Biodiversity publications archive

Biodiversity and Fire: The effects and effectiveness of fire management

Proceedings of the conference held 8-9 October 1994, Footscray, Melbourne
Biodiversity Series, Paper No. 8

Biodiversity Unit
Department of the Environment, Sport and Territories, 1996

20. Developing fire management planning and monitoring

Mike Wouters
c/- Department of Conservation and Natural Resources, Victoria

20.1 Abstract

The role of fire in land and natural resources management and the attitudes of the community to it, are changing. The concept of fire as being essentially bad and fire management as being dominated by protection from wildfire, is being tempered with increasing consideration given to the ecological importance of fire. As a result, fire management planning on public land in Victoria continues to be refined.

Fire management planning needs to perform three principal functions:

To achieve this, CNR uses several levels of management planning: a strategic Fire Protection Plan (currently called a Regional Fire Protection Plan), and where significant non-protective fire management objectives exist, a local Fire Management Plan (or sub-Plan), which details the integration of protective and non-protective (ecological, silvicultural etc) fire regimes at the local level.

A Regional Fire Protection Plan is the strategy plan which sets out the fire protection objectives and the strategies for achieving these. The preparation process for these strategic plans provides considerable opportunity for input from both CNR specialists and the public to ensure that other land management objectives are considered in their formulation.

Other land management objectives and strategies than fire protection, such as vegetation and fauna conservation, can require the variation of fire regimes, including fire exclusion. These in turn are set out in Park Management Plans, Flora and Fauna Guarantee Action Statements and Species Recovery Plans. Where these are clearly defined, a local Fire Management Plan may be needed to detail specific fire regimes for a particular locality or vegetation type. An example of a local plan is the Fire Management Plan for Coastal Heathlands in Far East Gippsland, which sets out the fire management required to maintain the ecology of coastal heathland.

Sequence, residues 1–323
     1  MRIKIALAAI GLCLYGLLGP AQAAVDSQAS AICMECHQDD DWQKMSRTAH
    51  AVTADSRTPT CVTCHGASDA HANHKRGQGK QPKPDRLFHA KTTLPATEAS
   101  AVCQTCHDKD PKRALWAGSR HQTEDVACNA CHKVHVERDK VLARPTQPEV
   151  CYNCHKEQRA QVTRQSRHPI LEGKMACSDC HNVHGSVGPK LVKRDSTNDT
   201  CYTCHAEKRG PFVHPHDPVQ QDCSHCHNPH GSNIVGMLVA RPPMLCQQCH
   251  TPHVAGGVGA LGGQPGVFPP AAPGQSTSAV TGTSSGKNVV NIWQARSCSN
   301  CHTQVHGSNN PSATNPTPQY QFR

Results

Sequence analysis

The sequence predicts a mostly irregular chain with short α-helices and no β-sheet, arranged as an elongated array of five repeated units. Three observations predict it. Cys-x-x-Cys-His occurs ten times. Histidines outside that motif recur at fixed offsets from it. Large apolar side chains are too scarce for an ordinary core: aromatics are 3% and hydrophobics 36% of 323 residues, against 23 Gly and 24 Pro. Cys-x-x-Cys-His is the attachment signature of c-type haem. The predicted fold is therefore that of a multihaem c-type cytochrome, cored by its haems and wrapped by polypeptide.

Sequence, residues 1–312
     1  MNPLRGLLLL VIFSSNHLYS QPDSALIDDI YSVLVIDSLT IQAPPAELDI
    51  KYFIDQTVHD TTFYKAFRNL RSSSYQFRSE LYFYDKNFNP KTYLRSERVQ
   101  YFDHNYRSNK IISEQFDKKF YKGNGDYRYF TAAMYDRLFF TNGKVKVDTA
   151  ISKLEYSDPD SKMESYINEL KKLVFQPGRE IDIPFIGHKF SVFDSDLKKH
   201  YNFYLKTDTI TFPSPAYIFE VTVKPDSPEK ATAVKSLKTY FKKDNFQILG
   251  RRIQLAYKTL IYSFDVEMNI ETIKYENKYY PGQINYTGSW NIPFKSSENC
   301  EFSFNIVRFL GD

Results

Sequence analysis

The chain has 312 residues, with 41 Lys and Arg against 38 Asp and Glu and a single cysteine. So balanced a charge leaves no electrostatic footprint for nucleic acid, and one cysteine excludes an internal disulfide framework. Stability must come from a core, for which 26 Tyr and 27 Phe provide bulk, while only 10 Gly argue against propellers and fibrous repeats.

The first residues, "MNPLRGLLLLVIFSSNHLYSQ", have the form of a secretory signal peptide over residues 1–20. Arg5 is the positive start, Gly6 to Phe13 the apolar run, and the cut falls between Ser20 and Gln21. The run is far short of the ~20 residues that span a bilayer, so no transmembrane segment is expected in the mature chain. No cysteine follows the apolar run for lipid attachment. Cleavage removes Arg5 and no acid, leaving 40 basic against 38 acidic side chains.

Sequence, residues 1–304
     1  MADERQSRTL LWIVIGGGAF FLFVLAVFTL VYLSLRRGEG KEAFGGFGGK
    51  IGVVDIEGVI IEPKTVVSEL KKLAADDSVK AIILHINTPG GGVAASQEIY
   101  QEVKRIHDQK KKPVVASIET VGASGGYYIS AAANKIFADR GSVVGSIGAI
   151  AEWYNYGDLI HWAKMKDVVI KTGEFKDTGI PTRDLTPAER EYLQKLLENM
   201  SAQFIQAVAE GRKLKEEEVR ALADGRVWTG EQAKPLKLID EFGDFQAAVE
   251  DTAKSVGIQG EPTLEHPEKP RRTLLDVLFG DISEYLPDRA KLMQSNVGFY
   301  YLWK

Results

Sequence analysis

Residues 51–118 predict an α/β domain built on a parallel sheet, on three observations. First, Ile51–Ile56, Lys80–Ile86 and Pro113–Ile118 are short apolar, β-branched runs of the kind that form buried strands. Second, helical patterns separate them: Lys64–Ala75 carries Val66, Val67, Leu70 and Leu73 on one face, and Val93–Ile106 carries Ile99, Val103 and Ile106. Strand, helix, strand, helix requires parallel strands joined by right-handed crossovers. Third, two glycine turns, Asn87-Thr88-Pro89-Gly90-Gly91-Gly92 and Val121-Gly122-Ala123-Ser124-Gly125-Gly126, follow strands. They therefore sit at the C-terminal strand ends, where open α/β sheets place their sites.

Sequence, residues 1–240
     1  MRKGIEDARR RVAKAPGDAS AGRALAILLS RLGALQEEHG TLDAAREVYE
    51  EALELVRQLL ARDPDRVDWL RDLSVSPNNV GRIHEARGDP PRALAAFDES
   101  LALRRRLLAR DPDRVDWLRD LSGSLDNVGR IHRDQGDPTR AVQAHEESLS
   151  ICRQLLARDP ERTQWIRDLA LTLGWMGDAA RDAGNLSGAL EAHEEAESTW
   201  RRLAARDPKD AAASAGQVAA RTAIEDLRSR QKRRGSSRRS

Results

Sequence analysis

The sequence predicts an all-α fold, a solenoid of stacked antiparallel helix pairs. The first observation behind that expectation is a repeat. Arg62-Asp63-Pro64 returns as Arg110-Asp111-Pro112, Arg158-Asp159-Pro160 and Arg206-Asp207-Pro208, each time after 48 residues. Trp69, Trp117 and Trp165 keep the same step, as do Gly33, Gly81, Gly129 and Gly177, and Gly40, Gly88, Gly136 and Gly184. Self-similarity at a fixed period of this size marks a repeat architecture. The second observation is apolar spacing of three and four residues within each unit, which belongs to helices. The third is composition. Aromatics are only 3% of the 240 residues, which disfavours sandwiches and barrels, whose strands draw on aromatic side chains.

If the ecosystems that are currently present in our fire-prone forests and reserves are to be maintained then the some active vegetation management involving fire is imperative; management should be seeking to maintain the natural role of fire as an ecological process in vegetation communities and fauna habitats. Reasons for active management may include restoration, regeneration or maintenance of a particular vegetation community; manipulation of conditions for particular species, and maximising diversity by maintaining a balance in the age distribution of particular vegetation communities. In fire-prone communities, diversity means maintaining a range of ages since fire, including recently burnt areas, "long unburnt" areas, and areas with a range of ages in between.